Why I switched back to Firefox

Remember when you ditched Firefox for Chrome and pinkie-swore you’d never go back? Yeah, me too

Why I switched back to Firefox
Blair Hanley Frank

Remember when you ditched Firefox for Chrome and pinkie-swore you’d never go back? Yeah, me too. But recently I needed to test a web-based app in Firefox, so, with some hesitance, I took the plunge and installed it.

I opened the browser, and saw a lean, minimalist user interface with cool, gray icons on the toolbar. But where was orange-y Firefox? Did I launch the wrong browser?

Turns out, the good folks at Mozilla took their shrinking market share to heart and fought back with one of the most notably improved products I have seen in recent memory. Impressive performance improvements (Mozilla claims that Firefox is now the fastest of the top three browsers), a customizable menu and toolbar, 64-bit architecture, streamlined ‘reading’ view, and a way-better-than-Chrome-or-IE settings manager that could easily set a new standard.

Firefox also boasts excellent browsing privacy. I don’t like snoopware, and the web browser behemoths have been getting on my nerves lately. Snoopware isn’t just cookies. If you’re a Chrome user on Windows, take a look at the processes running in your Task Scheduler in Windows. You are likely to find at least two, sometimes more, such as Google updater and other Chrome-related tasks running in the background on your PC or laptop pretty much around the clock. And just when you thought you had defeated rogue processes by tweaking your msconfig settings.

+ RELATED: See screenshots from Firefox | Firefox’s market share is bigger than that of all Microsoft’s browsers combined +

Browsers like Chrome and IE seek to ‘manage’, or at least stealthily observe, as much of your online life as possible.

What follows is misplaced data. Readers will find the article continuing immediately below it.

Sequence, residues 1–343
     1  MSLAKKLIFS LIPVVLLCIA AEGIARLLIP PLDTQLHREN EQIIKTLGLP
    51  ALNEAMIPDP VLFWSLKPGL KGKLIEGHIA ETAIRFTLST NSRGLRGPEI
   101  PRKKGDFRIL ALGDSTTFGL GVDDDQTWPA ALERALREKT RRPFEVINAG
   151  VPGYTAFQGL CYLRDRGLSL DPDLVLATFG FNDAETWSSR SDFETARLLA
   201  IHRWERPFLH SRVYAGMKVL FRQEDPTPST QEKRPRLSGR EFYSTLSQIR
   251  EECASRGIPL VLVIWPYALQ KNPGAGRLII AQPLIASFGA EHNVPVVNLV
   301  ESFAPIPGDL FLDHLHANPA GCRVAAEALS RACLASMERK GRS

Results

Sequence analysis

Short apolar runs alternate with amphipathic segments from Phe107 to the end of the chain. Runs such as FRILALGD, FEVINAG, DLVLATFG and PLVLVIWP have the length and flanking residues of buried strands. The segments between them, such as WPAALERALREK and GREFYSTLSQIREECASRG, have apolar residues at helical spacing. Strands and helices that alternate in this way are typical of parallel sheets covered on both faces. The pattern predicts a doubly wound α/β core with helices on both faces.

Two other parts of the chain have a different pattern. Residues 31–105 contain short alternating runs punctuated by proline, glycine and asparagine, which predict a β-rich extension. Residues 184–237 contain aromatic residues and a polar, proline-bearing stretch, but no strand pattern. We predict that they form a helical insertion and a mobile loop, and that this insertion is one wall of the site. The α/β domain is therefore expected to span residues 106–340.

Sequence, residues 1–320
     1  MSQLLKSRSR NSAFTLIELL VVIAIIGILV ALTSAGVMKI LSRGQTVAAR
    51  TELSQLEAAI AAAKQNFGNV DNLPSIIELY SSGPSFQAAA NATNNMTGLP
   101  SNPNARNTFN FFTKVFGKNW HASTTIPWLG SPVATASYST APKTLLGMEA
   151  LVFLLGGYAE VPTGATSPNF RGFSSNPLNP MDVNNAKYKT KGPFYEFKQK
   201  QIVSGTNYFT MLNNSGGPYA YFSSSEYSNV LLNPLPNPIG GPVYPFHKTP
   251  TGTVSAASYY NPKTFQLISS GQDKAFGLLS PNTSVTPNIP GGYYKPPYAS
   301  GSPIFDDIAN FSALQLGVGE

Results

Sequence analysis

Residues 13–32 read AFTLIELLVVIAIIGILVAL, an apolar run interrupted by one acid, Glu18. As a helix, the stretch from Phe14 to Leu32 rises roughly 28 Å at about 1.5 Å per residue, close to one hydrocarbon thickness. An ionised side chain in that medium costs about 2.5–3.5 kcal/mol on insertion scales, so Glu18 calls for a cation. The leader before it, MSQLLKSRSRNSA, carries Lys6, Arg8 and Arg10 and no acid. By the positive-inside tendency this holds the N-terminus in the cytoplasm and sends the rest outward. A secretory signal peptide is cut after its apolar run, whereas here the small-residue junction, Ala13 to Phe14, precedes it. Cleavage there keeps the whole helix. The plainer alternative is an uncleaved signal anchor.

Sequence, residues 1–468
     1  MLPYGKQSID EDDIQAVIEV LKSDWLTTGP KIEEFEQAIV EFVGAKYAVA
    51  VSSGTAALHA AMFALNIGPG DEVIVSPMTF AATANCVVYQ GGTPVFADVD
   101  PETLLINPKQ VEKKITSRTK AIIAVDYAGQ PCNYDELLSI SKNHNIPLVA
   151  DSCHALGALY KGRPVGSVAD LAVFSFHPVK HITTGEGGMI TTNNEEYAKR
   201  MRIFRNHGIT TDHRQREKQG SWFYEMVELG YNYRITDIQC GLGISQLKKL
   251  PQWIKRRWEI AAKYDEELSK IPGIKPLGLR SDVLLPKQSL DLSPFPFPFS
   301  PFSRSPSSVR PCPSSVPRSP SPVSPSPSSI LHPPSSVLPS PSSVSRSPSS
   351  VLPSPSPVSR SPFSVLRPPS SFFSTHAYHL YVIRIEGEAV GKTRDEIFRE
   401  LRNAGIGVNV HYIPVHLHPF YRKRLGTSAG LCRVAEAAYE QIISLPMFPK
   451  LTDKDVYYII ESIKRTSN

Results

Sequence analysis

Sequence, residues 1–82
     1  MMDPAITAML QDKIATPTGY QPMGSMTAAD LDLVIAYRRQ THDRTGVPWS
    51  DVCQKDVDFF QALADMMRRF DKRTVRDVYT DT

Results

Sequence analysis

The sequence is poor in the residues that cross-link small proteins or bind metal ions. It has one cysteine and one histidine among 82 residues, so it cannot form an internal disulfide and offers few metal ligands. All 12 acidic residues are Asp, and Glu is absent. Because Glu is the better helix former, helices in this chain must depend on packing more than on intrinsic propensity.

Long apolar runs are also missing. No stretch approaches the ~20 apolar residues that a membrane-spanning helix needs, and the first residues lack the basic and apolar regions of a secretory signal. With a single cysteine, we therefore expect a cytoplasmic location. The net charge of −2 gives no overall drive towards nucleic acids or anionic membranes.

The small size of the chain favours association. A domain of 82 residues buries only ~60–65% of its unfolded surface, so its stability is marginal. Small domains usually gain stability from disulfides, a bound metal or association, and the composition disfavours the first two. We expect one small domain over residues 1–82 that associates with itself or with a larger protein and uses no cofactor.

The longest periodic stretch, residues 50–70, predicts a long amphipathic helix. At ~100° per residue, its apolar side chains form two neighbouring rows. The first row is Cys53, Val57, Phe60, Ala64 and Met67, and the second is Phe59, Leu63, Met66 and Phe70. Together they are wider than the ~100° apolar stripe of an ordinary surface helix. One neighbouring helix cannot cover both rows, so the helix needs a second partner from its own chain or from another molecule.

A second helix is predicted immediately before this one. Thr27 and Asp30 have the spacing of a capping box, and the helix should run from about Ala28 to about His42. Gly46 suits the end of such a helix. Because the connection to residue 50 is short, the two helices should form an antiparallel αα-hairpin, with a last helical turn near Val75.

Firefox takes a refreshing approach to web privacy. It actually seeks to protect it. Many of the privacy settings are part of the ‘private browsing’ feature. With ‘private browsing’ enabled, Firefox operates in stealth mode, where no information, such as cookies, passwords, files, browsing history etc., is saved to the user’s computer.

It also provides ‘tracking protection’ which prevents websites from tracking your browsing data across multiple sites. How often have you made a search on Amazon, only to see ads for the very product you searched for appear on websites afterwards? Tracking protection prevents this from occurring. You can essentially stay in ‘private browsing’ mode by enabling the ‘do not track history’ setting.

There are also a number of security add-ons for Firefox; one provides the option to allow browser scripts such as Java and JavaScript to run only from trusted sites to prevent cross-site scripting (XSS) and other script-related attacks. For those who enjoy ad-free browsing, there are several ad-blockers, some that block all ads and others targeted at specific sites.

Another notable improvement is the move to 64-bit architecture, which Mozilla rolled out late in 2015. Although many older add-ons aren’t compatible with the new 64-bit version, the improved performance and fault tolerance far outweigh this minor inconvenience.

These improvements are great, but I saved my favorite feature for last, the new ‘Reading View.’ This is an option to view a streamlined version of the web page you are on, eliminating videos, ads, and background images. The Reading View allows you to get straight to the heart of the content, with no frills or distractions. I really appreciate the clean format for doing research and reading news, especially when traveling and needing to conserve bandwidth.

Mozilla offers online support with quick solutions to common issues such as how to optimize Firefox to work with specific sites such as Facebook and YouTube, or how to run a Firefox Health Report, which provides information about your browser’s performance and stability over time. The Firefox Developer edition provides tools that are not available in the standard version. Firefox is also available for Android and iOS.

The new Firefox is definitely worth another look. I actually switched back to it as my default browser. This time I didn’t pinkie-swear but instead vowed to never say ‘never’ again.

Perschke is a web and database developer with 15+ years of industry experience. You can reach her at susan@arcseven.com.

This story, "Why I switched back to Firefox" was originally published by Network World.

Copyright © 2016 IDG Communications, Inc.

How to choose a low-code development platform